You might have noticed recently that a long conversation with a good friend (whether via phone, FaceTime, Zoom or Skype) left you feeling relaxed and happy. It’s not a coincidence: developing and strengthening genuine connections with others is essential to our physical and mental well-being.
Studies have found that children who don’t have established connections can experience decreased intellect and development, and adults without close relationships are more likely to have depression and physiological problems.
“We need close bonds to sustain ourselves,” says Jay Weiss, MA, LLP, an employee assistance program therapist at Henry Ford Health. “They energize us, elevate our mood, encourage activity, boost the immune system, increase longevity. Our physical and mental health are intertwined--when one goes down, it affects the other. The more stressed we are, the more our immune system is depressed, and the more likely we are to get illnesses and diseases.”
Strong social connections are also linked to an increase in empathy. “Do we have stronger connections because we are more empathetic or do we develop more empathy by having stronger connections?” Weiss says. “I think people who are more empathetic tend to form deeper relationships. When you don’t have close relationships in life, it’s harder to have that emotional connection with others.”
Bonding With Loved Ones From A Distance
This doesn’t mean we need to attend huge social gatherings or have a wide circle of friends to reap the mental and physical benefits—just a few genuine relationships is all it takes. Here are ways to grow emotionally closer with others while social distancing.
- Have a virtual game night. A good old-fashioned telephone call works like a charm (even better is screen-to-screen via FaceTime or Skype) but if you want to switch it up, having a virtual game night is quite possibly just as fun as having a game night in person. There are several apps and websites you can use to gather a group of friends together. Try Psych, Codewords or Euchre.
- Celebrate birthdays. Whether you participate in drive-by birthday parades, Zoom calls, or both, some have said that birthdays in quarantine have been their most memorable yet. “People want to connect so much to others, so every little gesture seems so meaningful and important right now,” Weiss says. “Our desire to connect is enhancing our relationships.”
- Cook out with your neighbors. You can share a meal with friends while maintaining plenty of social distancing space—Weiss did just that. “My neighbors and I grilled food and sat on our respective patios and had dinner together,” Weiss says. “Social distancing doesn’t mean we have to be locked in our rooms.” Hosting a video chat while cooking or eating together with family or friends is another option.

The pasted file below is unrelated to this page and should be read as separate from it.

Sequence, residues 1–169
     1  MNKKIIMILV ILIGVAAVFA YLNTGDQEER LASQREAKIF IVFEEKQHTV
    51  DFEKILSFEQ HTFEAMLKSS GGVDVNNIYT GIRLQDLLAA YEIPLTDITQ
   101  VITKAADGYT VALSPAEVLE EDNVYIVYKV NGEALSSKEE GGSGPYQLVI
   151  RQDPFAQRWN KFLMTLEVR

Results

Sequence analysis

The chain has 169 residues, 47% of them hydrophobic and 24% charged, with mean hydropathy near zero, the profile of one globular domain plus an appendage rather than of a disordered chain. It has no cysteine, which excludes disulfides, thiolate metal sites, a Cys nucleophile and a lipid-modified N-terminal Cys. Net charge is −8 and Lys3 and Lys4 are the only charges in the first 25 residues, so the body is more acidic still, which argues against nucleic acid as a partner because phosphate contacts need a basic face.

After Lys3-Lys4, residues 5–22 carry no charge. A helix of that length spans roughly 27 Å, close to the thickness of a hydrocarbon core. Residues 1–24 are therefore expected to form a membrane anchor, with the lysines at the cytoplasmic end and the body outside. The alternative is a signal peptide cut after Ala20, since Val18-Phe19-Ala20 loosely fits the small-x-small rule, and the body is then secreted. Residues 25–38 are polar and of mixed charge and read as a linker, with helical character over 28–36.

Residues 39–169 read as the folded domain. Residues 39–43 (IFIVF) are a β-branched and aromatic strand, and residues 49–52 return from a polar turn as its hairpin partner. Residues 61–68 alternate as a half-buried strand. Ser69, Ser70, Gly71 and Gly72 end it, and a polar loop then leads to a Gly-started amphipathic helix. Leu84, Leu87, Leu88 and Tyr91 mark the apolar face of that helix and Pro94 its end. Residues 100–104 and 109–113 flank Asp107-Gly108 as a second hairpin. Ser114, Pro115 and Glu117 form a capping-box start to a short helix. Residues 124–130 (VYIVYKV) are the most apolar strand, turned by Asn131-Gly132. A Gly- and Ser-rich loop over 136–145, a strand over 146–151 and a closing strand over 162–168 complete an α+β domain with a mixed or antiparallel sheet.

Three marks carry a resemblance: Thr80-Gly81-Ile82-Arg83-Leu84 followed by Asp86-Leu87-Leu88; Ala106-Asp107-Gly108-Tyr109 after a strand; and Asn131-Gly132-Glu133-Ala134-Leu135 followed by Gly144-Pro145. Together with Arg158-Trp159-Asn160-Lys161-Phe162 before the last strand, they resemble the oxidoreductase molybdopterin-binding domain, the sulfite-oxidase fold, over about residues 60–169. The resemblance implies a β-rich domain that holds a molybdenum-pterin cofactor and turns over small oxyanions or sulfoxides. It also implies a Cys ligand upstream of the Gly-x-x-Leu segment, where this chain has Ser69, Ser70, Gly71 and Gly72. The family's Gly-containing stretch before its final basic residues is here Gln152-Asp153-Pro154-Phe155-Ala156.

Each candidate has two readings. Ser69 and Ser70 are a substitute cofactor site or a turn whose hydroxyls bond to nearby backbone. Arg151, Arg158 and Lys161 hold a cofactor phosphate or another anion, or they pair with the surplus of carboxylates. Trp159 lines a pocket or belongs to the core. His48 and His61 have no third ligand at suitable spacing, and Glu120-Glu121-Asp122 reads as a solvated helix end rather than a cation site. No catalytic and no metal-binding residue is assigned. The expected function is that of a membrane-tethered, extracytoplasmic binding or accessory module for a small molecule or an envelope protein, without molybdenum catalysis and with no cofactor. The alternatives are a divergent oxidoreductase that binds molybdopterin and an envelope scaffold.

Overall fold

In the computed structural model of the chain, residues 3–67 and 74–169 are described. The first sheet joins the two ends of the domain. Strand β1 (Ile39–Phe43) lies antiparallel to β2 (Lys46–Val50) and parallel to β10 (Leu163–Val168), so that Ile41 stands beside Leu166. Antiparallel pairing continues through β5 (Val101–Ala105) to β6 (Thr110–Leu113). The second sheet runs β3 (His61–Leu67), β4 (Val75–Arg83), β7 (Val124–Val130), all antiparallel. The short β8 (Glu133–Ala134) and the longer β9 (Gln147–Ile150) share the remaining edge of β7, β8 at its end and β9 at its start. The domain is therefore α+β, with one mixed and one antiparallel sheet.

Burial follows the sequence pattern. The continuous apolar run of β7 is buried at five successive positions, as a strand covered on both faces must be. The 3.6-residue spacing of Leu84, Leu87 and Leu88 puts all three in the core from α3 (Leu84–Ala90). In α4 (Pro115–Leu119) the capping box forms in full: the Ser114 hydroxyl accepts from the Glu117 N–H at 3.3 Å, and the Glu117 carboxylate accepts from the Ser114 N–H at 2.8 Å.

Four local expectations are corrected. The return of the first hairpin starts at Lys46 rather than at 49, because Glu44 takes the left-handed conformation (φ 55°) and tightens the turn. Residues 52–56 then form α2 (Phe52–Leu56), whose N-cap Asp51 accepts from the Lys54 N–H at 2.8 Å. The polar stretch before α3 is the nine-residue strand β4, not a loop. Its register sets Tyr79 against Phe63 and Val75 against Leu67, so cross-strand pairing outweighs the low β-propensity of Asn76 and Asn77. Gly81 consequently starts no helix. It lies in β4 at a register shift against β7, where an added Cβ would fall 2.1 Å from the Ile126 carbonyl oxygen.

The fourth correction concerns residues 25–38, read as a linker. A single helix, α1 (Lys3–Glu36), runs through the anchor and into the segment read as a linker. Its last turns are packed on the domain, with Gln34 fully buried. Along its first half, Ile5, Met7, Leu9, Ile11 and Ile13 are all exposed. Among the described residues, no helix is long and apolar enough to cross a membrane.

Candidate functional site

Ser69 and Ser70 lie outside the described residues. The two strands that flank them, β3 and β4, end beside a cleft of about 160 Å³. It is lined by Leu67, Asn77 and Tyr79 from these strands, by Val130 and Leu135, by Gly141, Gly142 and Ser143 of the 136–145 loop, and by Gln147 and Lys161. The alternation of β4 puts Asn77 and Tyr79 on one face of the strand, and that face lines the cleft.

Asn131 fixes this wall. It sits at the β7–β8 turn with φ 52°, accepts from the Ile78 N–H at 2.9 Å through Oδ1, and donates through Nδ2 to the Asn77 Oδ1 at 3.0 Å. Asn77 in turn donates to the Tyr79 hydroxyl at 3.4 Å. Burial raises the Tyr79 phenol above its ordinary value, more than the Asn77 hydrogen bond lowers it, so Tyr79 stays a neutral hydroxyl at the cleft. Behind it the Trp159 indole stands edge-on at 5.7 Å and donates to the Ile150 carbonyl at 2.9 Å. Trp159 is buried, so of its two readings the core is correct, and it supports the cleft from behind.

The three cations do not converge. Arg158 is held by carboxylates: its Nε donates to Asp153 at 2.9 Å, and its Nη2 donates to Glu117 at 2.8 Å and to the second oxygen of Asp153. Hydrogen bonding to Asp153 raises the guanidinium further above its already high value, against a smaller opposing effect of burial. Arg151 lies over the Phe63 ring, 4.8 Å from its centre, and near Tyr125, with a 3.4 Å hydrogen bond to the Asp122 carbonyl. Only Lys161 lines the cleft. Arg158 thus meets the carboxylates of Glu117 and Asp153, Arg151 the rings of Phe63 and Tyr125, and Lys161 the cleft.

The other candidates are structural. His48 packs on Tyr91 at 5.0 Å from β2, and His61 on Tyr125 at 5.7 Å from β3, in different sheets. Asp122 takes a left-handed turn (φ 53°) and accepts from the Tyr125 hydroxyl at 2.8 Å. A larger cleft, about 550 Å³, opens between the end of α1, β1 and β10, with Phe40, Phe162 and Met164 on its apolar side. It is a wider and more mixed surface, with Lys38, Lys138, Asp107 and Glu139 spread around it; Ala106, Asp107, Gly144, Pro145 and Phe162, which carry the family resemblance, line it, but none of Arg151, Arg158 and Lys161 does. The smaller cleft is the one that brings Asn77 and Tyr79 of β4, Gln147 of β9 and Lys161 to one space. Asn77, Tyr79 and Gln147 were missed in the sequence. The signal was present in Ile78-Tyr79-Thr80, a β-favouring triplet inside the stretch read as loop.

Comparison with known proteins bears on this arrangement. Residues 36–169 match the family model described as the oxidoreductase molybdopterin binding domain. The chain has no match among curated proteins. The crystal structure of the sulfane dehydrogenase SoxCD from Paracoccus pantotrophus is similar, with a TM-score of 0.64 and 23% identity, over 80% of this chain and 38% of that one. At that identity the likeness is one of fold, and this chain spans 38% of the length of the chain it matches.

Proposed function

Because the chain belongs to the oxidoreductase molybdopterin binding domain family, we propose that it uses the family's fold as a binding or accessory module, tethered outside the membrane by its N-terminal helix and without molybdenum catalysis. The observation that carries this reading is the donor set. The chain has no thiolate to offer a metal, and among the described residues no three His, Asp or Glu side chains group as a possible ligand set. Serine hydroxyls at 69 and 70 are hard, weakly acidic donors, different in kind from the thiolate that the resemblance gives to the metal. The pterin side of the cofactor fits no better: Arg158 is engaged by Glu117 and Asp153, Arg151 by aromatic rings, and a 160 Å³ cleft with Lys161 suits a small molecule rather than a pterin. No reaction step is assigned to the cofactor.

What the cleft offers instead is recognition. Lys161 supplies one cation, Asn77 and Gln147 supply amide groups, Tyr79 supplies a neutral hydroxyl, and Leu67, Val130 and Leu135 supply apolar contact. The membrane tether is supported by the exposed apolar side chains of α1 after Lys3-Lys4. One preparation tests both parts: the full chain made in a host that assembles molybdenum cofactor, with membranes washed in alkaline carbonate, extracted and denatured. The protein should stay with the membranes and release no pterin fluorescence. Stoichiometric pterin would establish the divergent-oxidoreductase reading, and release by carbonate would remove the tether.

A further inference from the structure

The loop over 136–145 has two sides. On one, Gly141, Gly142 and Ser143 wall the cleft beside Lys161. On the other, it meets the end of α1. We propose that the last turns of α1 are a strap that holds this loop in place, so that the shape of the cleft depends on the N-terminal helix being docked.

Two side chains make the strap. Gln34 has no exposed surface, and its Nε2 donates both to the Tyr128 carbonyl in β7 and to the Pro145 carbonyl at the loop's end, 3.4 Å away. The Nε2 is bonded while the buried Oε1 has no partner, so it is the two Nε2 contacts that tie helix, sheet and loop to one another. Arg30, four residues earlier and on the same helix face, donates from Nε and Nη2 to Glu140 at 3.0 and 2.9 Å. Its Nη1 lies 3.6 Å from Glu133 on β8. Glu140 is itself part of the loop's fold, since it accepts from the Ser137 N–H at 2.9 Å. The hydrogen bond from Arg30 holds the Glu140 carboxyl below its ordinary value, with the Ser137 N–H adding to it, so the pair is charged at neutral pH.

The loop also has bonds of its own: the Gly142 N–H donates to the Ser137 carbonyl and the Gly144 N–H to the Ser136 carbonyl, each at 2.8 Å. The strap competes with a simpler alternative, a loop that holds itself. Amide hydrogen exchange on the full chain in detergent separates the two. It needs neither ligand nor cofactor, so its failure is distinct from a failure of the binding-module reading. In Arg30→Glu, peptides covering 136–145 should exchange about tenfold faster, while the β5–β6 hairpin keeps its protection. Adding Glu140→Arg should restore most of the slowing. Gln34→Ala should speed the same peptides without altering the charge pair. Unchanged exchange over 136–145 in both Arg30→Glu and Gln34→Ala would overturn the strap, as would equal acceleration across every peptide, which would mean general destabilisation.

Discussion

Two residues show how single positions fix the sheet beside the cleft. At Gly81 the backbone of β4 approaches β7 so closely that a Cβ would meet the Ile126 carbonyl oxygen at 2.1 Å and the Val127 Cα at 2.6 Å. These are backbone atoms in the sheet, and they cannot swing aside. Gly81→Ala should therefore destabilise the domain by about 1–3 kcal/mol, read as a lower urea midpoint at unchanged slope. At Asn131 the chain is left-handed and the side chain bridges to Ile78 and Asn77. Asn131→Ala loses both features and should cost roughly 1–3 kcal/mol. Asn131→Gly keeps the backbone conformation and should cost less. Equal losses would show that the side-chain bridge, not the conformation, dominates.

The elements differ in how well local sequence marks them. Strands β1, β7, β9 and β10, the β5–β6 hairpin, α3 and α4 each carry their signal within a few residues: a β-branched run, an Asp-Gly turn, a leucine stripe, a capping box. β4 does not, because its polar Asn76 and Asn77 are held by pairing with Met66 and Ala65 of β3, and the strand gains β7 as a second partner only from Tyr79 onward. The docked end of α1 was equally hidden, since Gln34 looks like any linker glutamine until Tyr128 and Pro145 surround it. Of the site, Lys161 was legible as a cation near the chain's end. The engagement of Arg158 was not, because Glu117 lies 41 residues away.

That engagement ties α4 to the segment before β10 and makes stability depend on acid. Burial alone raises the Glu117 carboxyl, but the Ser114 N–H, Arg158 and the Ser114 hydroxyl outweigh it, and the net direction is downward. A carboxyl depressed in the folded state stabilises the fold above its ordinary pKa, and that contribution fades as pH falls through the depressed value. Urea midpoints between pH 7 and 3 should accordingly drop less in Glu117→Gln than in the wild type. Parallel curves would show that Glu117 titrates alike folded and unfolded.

- Talk to passersby (from a safe distance) while on a walk. Friendly interactions with strangers has been shown to raise spirits. “Connecting at any level makes you feel good,” Weiss says. “To the degree you can connect, the reward is that much greater. So if you’re walking by yourself and see another person walking by, you’ll get some benefit from that. If you see someone you know, the satisfaction will be greater. And if you see your best friend, the benefit is elevated even more. As the quality of your relationship increases, so does the fulfillment.”
- And one thing not to do? Don’t rely on static forms of social media. Playing virtual games is one thing but posting photos on Instagram and waiting for likes is quite another—the latter won’t increase your happiness. “When someone posts a video or photo on Instagram, there’s no real interaction. You don’t feel connected to it,” Weiss says. “That’s why you’ll hear actors talk about the difference in their energy levels when they’re acting on stage versus filming a movie. Being with a live audience is so much more enjoyable. It’s like listening to your favorite musician on Spotify versus seeing them in concert. You’re listening to the same song, but the effect is different.”
There is one aspect of connection we are not getting as much of while social distancing: physical touch. It’s been shown that babies who receive little physical contact can develop health ailments, and adults can develop depression and anxiety.
“If you live with people, hug each other often,” Weiss says. “If you live alone, I recommend self care. Do something that will give you a sense of comfort: take a hot bath, snuggle in a blanket, hold a stuffed animal, get a pet. I have about six clients now who have adopted or are fostering pets because they want that connection, and animals are a great source.”
Jay Weiss, MA, LLP, is a certified health and wellness coach and an employee assistance program therapist at Henry Ford Health.